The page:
Down in McLemore’s Cove, both armies remained in close proximity. Reynolds’s Division, Thomas’s 14th Corps, was stationed at Pond Spring on September 17th – awaiting the arrival of McCook’s men from the south. William Miller belonged to the 75th Indiana, and described an uneasy night on picket:
September 17, 1863
Orders came for a detail of twenty men from the company to go to the right and relieve Gen Turchin’s men who had a fight at Bailey’s Cross Roads. We started about noon and met our ambulances coming in with the dead and wounded. We relieved Turchin’s men about sunset. I was sent with Wm. Starr and J. C. Millihen on picket and it was dark where we was posted and we could not see what we have in front. Our orders were for one to stand while the other[s] slept as they could not relieve us. We could hear the Rebs in their camp and they are so close we can hear them talking and swearing. They are moving camp from the noise.
I stood my several tricks and tried to sleep while the others were on duty but I have too many things to think about. It is trying on a mans nerves to be placed in this position. Out in the woods with but two companions and them sleeping and in hearing of the enemy and not knowing what moment they may demonstrate. It causes a man to think of all the mean things he ever did in his life and he will keep his eyes and ears open.
A little circumstance occurred tonight that frightened me terribly. I was leaning against a Red Oak tree and everything was quiet when I thought I heard the brush rustle in my front. I was all attention as I could not see very far. Soon I heard it again. This time I am certain and finally a third time accompanied with a “Whee-Who Who-Who oh” and I felt my hair assume a perpendicular as I thought a Reb had me sure. I stepped back, and about ten feet up in the tree, a clear sky delineated the out line of a “screetch owl” perched on a limb, who was the innocent cause of my alarm. I “Smiled a Surole” and held my position manfully until relieved. I tell this to illustrate the nervous condition I was in and I don’t know if anybody else would done as I did. I knew what it was in an instant but his scream went through me like a shot.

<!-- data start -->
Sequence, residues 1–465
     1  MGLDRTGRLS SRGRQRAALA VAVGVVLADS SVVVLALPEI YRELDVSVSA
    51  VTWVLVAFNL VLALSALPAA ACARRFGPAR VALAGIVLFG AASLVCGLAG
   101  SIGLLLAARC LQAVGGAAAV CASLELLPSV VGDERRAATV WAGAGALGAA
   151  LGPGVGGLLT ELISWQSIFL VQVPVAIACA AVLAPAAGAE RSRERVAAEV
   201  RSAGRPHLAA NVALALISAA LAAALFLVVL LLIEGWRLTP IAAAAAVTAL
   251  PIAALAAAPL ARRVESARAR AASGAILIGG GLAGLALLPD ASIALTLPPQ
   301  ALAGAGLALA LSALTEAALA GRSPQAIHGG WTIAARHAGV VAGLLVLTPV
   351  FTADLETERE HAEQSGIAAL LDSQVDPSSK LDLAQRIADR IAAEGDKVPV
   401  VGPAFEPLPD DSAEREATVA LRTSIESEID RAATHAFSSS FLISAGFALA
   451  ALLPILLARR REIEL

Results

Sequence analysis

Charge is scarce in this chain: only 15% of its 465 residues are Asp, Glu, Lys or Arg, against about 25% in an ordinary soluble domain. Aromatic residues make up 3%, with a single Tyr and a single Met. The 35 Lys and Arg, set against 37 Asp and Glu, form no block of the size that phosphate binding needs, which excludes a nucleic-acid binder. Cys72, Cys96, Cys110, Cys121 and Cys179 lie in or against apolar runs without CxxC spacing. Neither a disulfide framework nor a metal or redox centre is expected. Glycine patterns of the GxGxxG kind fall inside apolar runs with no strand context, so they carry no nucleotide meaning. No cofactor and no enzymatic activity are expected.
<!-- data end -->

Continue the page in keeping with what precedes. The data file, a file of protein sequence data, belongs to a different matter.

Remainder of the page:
Several miles to the northeast, a Union column from Granger’s Reserve Corps threatened the Confederates in Ringgold. Rebel Private W. J. Davidson, the 41st Tennessee, Gregg’s Brigade of Johnson’s Provisional Division, recorded that incident in his diary:
September 17, 1863
During the day we heard that a battle was expected every day between Bragg and Rosecrans, and that we were now in seven miles of the enemy’s advance. General Bragg had increased his army by reinforcements from Virginia and Mississippi, and was supposed to have about sixty-five thousand men wherewith to match Rosecrans’ one hundred thousand hitherto victorious and well-armed troops.
Thursday evening a courier announced to General Gregg that the enemy’s cavalry had driven in our pickets beyond Ringgold, and were then in possession of the place. In a short time, the brigade was under arms and on the march. Had to wade the Chickamauga three times in going one half-mile. Heard artillery firing ahead, but, after taking position on a hill overlooking the town, learned that Bushrod Johnson’s Brigade had driven the enemy off. The brigade was then marched back to camps and ordered to cook four day’s rations, which consumed the greater part of the night.